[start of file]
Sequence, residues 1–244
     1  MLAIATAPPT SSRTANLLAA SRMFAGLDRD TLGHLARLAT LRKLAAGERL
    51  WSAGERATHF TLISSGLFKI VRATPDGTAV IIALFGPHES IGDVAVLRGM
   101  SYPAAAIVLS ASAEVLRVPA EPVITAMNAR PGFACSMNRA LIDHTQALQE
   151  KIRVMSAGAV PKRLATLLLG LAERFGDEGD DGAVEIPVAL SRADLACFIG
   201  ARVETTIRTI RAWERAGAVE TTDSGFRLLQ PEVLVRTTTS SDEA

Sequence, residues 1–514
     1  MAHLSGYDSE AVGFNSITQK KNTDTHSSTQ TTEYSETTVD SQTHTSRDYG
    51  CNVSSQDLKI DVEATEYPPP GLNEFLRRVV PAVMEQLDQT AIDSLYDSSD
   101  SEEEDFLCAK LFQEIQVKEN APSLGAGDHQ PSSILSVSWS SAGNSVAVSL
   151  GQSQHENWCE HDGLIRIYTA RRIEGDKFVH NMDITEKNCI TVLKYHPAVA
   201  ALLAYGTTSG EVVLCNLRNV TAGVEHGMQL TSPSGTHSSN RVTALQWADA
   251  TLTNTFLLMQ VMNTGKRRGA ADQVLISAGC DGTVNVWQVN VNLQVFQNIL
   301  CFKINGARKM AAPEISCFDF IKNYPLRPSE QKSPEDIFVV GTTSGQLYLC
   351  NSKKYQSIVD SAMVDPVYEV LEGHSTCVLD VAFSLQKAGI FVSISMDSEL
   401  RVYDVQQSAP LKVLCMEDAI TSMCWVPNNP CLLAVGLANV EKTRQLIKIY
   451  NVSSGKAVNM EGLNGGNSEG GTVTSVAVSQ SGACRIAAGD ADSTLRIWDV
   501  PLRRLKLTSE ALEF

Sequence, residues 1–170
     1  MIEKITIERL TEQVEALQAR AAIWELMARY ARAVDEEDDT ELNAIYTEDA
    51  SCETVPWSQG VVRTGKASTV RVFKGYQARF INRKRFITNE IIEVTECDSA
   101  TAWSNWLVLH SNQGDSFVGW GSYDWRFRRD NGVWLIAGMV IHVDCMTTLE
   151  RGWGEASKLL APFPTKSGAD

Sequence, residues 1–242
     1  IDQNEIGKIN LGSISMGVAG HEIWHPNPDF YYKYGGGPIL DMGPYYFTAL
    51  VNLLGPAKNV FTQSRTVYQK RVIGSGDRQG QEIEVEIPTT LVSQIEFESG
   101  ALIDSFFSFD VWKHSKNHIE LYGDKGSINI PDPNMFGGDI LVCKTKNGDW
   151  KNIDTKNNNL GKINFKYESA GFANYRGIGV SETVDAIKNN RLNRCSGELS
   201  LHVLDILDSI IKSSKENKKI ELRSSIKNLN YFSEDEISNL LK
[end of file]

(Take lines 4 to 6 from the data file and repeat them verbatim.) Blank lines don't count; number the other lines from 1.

   101  SYPAAAIVLS ASAEVLRVPA EPVITAMNAR PGFACSMNRA LIDHTQALQE
   151  KIRVMSAGAV PKRLATLLLG LAERFGDEGD DGAVEIPVAL SRADLACFIG
   201  ARVETTIRTI RAWERAGAVE TTDSGFRLLQ PEVLVRTTTS SDEA